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46th International Film Festival Of India 2015

Curtain Raiser Press Conference of IFFI 2015

It’s that time of the year again.

Sandwiched between the Kesarbai Kerkar, pharm Pravah and Swaramangesh classical music programs, and the Goa Art and Literary Festival, is the IFFI, 20th– 30th  November, when I won’t be taking calls will seldom be checking the mail. In case anyone thinks watching films is fun, let me assure you that covering an international film festival is hard work. 3-5 films a day, a master-class or an interview thrown in, come home and write about it.

I wouldn’t miss it for anything. This year’s Indian films’ bouquet has the Tamil ‘Radiopetti’ and the Konkanni ‘Nachoiya Kumpasar’ on my list. For the first time, I’m going to see a Sanskrit film, ‘Priyamanasam’. ‘Masaan’ on life in Varanasi, too, if I can. I might skip the non-feature films because quite often I get to see them later on television. Still, ‘Sadabahar Brass Band’ might be worth queuing up for.

My armchair travel for this season is to Spain. The master film-makers Carlos Saura and Pedro Almadovar’s films will be presented. Also Alejandro Amenabar. I won’t miss Leticia Dolera’s debut film ‘Requirements to be a Normal Person’.

This year’s treats will be in ‘First Cut’, a new section that will showcase films of debut film-makers from around the world. My choices from that list are: Bulgarian Georgi Balabanov’s ‘The Petrov File’, Armenian A Shahbazyan’s ‘Moskvich, my Love’ and Polish Piotr Chrzan’s ‘Klezmer’.

The Indian north-eastern section will be seen time-permitting, Aribam Shyam Sharma’s retrospective in particular.

Five films have been shortlisted for the ICFT Prize- UNESCO Fellini Medal. The IFFI 2015 in collaboration with the International Council for Film, Television and Audiovisual Communication (ICFT), Paris, will award the medal awarded to a film which reflects the ideals promoted by UNESCO.

Anil Kapoor, the Chief Guest of the opening ceremony, will flag off 87 films from 89 countries in the International Section and 26 feature and 21 non-feature films in the Indian Panorama. If I get a pass, I won’t miss Mathew Brown’s opening film on the mathematician Ramanujan: ‘The Man Who Knew Infinity’.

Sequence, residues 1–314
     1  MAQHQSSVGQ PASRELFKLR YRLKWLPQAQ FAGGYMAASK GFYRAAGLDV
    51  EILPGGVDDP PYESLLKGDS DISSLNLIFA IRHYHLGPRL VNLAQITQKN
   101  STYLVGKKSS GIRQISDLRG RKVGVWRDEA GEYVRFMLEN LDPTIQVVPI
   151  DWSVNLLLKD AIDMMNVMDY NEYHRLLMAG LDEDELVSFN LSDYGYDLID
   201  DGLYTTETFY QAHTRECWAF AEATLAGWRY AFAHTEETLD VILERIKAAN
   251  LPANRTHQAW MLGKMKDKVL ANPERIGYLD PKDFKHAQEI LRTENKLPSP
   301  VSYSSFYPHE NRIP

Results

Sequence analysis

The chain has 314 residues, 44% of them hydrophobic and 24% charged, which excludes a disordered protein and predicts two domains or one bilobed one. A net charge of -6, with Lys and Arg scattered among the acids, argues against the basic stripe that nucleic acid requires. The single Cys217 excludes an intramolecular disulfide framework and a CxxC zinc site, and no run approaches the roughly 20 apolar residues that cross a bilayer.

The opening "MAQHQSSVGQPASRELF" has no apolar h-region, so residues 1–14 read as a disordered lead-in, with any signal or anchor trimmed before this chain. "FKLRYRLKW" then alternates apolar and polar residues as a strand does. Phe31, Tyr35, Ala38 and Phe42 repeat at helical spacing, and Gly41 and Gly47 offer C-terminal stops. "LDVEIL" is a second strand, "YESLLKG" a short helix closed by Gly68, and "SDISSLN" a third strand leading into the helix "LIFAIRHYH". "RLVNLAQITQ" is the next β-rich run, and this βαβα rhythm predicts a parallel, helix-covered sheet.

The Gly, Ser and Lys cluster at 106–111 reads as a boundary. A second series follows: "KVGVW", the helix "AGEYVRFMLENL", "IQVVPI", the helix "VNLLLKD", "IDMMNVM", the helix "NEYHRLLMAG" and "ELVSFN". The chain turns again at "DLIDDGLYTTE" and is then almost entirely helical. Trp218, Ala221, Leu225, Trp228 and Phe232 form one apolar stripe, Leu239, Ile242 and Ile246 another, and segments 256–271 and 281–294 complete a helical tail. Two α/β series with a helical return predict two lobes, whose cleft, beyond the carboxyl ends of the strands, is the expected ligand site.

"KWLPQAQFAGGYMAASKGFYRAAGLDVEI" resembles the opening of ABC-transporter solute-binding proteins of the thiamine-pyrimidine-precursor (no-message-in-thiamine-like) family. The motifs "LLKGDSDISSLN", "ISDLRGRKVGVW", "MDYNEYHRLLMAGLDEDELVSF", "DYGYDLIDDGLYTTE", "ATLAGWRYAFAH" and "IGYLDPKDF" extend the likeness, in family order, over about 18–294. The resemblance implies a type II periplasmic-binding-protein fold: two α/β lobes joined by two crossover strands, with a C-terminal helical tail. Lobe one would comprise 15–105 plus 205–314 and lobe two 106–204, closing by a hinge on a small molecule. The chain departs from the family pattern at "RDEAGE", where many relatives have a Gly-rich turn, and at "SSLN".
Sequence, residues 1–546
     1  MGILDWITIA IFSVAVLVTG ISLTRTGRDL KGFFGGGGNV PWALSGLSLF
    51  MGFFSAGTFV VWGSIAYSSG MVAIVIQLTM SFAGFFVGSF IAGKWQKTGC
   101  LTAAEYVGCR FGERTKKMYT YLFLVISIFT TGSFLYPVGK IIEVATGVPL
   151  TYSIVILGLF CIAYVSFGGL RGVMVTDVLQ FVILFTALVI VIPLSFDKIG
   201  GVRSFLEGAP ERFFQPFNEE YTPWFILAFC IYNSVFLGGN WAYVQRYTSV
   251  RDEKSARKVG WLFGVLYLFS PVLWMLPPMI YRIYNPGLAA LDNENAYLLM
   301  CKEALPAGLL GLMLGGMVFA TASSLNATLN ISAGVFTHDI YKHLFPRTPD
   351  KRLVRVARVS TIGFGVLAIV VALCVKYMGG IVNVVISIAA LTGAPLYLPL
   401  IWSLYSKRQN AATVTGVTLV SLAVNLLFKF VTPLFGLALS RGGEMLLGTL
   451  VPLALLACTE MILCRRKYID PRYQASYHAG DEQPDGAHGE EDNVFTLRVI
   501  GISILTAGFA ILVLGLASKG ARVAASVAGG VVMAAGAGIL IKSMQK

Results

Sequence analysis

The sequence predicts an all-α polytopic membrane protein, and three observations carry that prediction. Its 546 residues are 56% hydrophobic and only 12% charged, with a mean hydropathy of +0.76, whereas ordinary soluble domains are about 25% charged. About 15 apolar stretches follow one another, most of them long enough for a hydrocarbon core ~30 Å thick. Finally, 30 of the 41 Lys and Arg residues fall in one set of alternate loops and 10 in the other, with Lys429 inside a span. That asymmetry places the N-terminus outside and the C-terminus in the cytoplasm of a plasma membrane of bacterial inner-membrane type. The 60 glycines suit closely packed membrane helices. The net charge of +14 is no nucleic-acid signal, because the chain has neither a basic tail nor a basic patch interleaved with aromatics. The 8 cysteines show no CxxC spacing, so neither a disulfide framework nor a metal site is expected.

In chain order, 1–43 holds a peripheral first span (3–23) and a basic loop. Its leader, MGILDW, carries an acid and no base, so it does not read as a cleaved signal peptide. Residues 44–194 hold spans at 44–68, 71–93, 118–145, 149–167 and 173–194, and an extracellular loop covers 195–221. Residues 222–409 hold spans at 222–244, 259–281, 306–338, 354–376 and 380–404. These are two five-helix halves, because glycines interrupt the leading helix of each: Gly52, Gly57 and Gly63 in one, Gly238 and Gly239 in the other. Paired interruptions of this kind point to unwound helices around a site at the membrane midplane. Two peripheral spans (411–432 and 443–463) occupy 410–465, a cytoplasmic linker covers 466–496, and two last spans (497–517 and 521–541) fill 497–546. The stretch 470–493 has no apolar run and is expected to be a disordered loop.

The International Competition will have 15 films including two films from Indian Panorama section. The jury for International Competition includes Chairperson Shekhar Kapur along with Michael Radford, Julia Jentsch, Suha Arraf and Jeon Kyu-Hwan. 

Besides watching films, I intend to attend the seminar on Film and Cultural diversity and the master classes with eminent Academy members Mark Mangini, Milt Shefter and Humphrey Dixon on topics like sound designing, film archive and film editing.

In ‘In Conversation’, Indian filmmakers Shyam Benegal, Vettrimaran, Kaushik Ganguli and Anand L Rai will discuss the art of filmmaking. Also looking forward to ‘World Cinema Restored Classics’ that will highlight film restoration.

This 46th edition of IFFI is getting more global by the year. It’s Asia’s biggest film festival, organized by the Directorate of Film Festivals, I&B Ministry, the Government of India and the State Government of Goa. IFFI is “an endeavor to understand the various social and cultural ethos through the eyes of cinema. Moving from the artistic centers of Asia to the cinematic arena of the world, the festival’s founding principles focus on discovery, promotion and support of filmmaking of all genres, thus bringing together the diversity of the forms, aesthetics and contents.”

Right now, the registration has been done online. I will have to visit the Entertainment Society of Goa office to collect my pass, the schedules and brochures two days before the event begins. I will peruse them thoroughly and mark out what I want to see. Sometimes the online booking is ‘houseful’ even before I’ve opened the window on my screen. So I prefer to stand in the queues, chat will fellow standees and get whichever tickets are available. There’s another queue to get into the theatre whether or not one has a ticket, so socializing in the sun is part of the festivities. One gets to meet students of cinema, professionals from other states who visit Goa just for this festival, retired folk who are living their dream of seeing pre-selected ‘foreign’ films and freelancers wondering how to juggle the minutes before typing and mailing 700 words.

Here’s to IFFI…, to 10 days of armchair travel and intellectual stimulation.